D: I meet someone new almost every day, and when they ask what I do I tell them about Glitter Tribe and every reaction and interaction in regards to that is positive. I have a ton of support from my friends and family, and I think that really helps. It inspires me to work harder and continue this dream of mine and make something out of it. Also, watching a badass band play helps, too. After I see a set that leaves me with goosebumps I'm like, "I want to book that band!"
And I'm just like this is exactly why I'm doing what I'm doing. There's no greater feeling you get when you're doing something you love.
Q: What have been your favorite moments of creativity?
T: This is a great question, because I have always thought of Glitter Tribe as more like a business and forget that we are in the process of creating something, too! My favorite moments come from collaborating with Dani and the bands we work with. Being at our shows and seeing the bands kill it onstage and the crowd having a blast is what makes me happy. So, I like to think that Glitter Tribe helps create these creative and inspiring moments for others, too.
D: I think it has to be before we really launched. It was back in January, and my friend had invited me to go see his friend's band play. So I went and after their set I was so impressed I texted Taylor and told her, "This is the band we need to work with! They're amazing!" I couldn't shut up about it. I really felt inspired. We kind of took a break from Glitter Tribe stuff due to life. So, after I saw this band Taylor and I picked up on doing Glitter Tribe stuff again, and good things started coming from it. We just kept getting connected to the people we needed to. If you had asked me a year ago what I would be doing now, I definitely didn't think it was going to be Glitter Tribe.
Q: What have been the most challenging moments in your artist management careers thus far?
T: Having the patience during our search for the right artist or band to work with. It's much more than discovering talented musicians. Both sides have to trust each other and be willing to put in the work; it's a true partnership.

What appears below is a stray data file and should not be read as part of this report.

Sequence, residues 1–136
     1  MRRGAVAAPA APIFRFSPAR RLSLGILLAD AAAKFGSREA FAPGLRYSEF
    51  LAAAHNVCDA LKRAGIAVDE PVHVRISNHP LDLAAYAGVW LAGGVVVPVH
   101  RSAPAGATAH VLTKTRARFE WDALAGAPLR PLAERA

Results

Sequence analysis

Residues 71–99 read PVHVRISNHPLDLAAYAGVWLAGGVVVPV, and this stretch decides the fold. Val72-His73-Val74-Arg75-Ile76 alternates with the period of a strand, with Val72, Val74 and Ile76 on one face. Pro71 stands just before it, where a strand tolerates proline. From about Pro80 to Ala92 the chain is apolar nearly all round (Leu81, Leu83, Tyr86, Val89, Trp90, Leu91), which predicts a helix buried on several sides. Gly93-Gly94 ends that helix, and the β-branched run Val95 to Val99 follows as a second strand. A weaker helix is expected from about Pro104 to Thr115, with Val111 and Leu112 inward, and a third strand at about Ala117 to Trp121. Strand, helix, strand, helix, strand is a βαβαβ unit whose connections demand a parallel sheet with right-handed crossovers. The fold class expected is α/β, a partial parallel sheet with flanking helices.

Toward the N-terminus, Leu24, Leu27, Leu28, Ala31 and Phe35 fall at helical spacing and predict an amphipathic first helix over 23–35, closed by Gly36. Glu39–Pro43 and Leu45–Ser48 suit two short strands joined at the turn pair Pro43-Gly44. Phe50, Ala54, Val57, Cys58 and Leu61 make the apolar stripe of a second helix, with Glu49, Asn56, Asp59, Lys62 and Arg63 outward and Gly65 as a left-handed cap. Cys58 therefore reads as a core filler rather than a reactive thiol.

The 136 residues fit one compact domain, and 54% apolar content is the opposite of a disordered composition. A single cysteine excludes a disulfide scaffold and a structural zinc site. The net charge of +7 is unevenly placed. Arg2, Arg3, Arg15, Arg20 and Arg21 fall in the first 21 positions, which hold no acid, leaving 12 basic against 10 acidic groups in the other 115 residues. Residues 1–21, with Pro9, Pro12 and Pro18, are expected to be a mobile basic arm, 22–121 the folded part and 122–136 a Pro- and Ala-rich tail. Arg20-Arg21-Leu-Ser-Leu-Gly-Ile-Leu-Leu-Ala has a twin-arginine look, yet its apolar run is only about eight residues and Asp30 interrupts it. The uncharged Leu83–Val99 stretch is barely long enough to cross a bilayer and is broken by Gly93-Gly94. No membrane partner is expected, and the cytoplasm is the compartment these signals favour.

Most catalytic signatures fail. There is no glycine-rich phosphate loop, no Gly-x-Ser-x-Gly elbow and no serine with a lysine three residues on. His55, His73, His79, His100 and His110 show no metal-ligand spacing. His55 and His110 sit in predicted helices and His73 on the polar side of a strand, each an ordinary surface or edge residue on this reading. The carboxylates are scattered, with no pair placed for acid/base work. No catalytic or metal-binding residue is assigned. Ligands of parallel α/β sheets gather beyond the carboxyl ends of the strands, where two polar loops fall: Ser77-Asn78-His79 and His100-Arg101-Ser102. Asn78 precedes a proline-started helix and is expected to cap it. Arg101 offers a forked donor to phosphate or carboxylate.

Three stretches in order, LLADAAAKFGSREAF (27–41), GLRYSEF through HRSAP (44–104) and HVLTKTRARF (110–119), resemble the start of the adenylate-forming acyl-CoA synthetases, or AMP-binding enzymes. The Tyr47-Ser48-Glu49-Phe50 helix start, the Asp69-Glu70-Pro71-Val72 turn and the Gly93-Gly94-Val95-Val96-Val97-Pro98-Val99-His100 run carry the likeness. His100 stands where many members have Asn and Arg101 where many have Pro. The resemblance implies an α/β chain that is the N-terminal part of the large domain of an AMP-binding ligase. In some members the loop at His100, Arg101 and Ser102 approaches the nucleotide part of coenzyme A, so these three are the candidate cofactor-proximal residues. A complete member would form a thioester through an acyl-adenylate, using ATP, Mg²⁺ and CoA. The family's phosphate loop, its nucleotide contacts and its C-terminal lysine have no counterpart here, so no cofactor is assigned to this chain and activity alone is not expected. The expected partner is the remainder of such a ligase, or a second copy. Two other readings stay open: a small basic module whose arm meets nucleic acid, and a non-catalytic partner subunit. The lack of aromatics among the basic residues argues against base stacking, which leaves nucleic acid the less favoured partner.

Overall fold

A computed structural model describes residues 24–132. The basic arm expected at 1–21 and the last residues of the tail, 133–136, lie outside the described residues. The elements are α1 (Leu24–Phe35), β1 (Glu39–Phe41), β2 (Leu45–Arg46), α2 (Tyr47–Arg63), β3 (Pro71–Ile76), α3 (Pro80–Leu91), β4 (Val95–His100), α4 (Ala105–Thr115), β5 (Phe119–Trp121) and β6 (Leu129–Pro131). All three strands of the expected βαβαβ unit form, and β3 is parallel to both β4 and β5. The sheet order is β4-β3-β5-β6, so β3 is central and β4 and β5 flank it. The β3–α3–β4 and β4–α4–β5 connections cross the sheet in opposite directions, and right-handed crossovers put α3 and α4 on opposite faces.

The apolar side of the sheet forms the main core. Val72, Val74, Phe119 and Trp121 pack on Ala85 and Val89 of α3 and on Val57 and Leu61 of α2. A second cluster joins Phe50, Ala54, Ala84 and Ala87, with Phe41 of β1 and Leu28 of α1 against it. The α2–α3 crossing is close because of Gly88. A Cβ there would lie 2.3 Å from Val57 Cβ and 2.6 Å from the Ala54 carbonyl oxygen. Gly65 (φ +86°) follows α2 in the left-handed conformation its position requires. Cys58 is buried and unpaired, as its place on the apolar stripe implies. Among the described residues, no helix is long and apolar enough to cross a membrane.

D: I think being taken seriously because we're women and so new to the industry. We're still learning, and we know that but there have been certain individuals that we've worked with that seem to want to take advantage of us. It sucks, but it just makes us push harder, and it teaches us to stick up for ourselves and voice our opinions. It's definitely been a learning experience so far.
Q: When you're discouraged, what do you run to or away from?
T: Talk it out with friends and family. Then, there's always dance parties and blasting my favorite music at ridiculous levels. Sorry neighbors!
D: I usually call up one of my childhood girlfriends, and they always seem to say the right thing to kick my ass back into gear. Or I try and take a little road trip or vacation out of Austin for a minute, just so I can recharge and get my head back on straight. It usually helps.
Your favorite band —
T: Wolf Alice
D: I can't seem to get enough of Jessica Hernandez and the Deltas. She's currently on repeat. She's this kickass lady from Detroit with one powerful voice. I was able to meet her the last time she came to Austin, too, and she was a total sweetheart. I just love her!
Your favorite book —
T: "Quiet" by Susan Cain (every chapter I read I'm like, YES, that's me!)
D: "Are You There Vodka? It's Me Chelsea" by Chelsea Handler. Because sometimes you just need a good laugh when everything else is so serious.
Your local Austin gem —
T: Is it weird if I say breakfast tacos? I'm from the northeast, and breakfast tacos aren't a thing up there. I don't know how I existed without them!
D: Taco Mex for breakfast tacos, El Sapo for happy hour